There are other unexpected factors that can come into play. “A couple of days ago we did one particular show that had somebody big in the industry present in the audience,” recalls Munchrath. “The cast was very excited so everybody was much louder than I was used to. It’s just funny because all bets are off. You get there and just do your best. Because all of these shows are new shows, they’re constantly bringing in line changes and different songs and different blocking. With everything they deal with, it’s definitely a lot for them to keep up with as well.”
The audio console at the Duke is a Yamaha M7CL, located in the back of the seating area, house right. The number of channels used varies by show, and Munchrath notes that the first 16 are usually for cast microphones. The band tracks vary. For her three shows, all the mics were Sennheiser MKE 2s, which was helpful in terms of continuity. “It’s nice because I know how they sound or how they should sound,” she states. “Any measure of continuity that there can be is always helpful. Having some of the same crew is helpful. When you think about it, you are still learning the show. The audience for the first show is not going to come back for every show, so it really needs to be the best show that it can be. A lot of times in the audio world we get audiences when we’re still learning, and you have to figure out how to make that unnoticeable so that they can have the performance that they deserve to see, and you can get through it and get better.”
The sound engineer praises her in-house A2, Kim Cincotta, for being an upbeat, hard worker who helps her troubleshoot mic issues during shows and with whom she has a good dialogue and working relationship. Cincotta graduated from SUNY New Paltz in June, so this triad of shows was her baptism by fire. It was also good practice for Munchrath, who admits, “I haven’t done a festival or something this fast and furious in a while. I have to remember how to go back and do that because it’s definitely its own skill set. It’s not for everyone.”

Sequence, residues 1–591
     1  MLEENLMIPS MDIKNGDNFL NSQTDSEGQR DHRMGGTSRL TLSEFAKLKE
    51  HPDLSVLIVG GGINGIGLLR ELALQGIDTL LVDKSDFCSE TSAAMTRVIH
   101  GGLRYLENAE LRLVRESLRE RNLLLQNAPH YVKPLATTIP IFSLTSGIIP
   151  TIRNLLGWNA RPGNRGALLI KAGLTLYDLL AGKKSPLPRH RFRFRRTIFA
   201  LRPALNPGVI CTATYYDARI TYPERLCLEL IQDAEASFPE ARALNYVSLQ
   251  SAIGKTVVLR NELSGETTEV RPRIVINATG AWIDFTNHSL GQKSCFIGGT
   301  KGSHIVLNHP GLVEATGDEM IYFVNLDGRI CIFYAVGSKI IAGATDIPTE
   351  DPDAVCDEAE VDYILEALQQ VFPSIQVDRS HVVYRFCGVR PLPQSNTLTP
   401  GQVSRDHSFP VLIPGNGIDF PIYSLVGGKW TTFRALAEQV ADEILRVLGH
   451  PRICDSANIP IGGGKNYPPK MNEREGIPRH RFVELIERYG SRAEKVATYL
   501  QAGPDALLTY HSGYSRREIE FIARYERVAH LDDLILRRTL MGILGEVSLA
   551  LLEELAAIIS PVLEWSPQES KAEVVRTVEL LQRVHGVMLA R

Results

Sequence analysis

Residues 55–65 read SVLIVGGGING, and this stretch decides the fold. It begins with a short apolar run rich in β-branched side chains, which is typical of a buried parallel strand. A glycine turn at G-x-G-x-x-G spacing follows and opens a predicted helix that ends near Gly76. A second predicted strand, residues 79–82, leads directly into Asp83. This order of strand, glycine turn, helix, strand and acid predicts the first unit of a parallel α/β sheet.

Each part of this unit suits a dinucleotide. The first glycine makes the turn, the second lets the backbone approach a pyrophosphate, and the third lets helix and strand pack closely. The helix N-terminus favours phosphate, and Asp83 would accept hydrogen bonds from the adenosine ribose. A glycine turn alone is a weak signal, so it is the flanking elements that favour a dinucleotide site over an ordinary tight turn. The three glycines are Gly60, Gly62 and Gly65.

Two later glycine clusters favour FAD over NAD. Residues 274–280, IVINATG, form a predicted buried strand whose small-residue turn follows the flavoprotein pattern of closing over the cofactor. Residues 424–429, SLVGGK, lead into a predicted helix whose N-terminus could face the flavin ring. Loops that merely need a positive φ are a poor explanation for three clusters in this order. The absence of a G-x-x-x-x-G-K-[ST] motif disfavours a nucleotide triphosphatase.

The modest and modern Duke on 42nd Street has a small stage that is probably 12 to 15 feet deep. For Icon, a large projection screen loomed over the cast, partially obscuring the band, which sat on a platform about 20 feet above the stage and approximately parallel (in height) to the last two rows of the audience. In contrast, the actors were mostly blocked downstage, close to the first few rows of the audience, which mean mixing the sound from such physically different locations was tough in the small house.
“We try to make it as even as possible,” notes Munchrath. “There is ambient sound that is not coming specifically through the system. Everyone in the band has their own monitors, and they’re still fairly loud. There’s also foldback on stage that the actors inherit. There are times when we’re opening house and the band is practicing and our assistant production manager will come and say, ‘You should really turn the band off at the front of house.’ I’m like, ‘They are off, those are just their monitors.’ It’s finding the balance for being able to hear whether it’s partially coming from the system and partially from the monitors.”
And when the system is on, things are still tricky. “Our space is not very big, so to get loud and yet have everything intelligible and heard can be a challenge,” she observes. Each show had a different sound designer, so Munchrath had to navigate their varying styles of sound and interaction with the staff. Some designers weren’t used to the time constraints and there were adaptations that had to take place on both sides of things. In the end though, Munchrath considered it a wonderful challenge. “I think it’s a good experience, and you definitely learn how to do things very quickly,” she finishes. “There’s no time not to. You realize how good your mixing skills are.”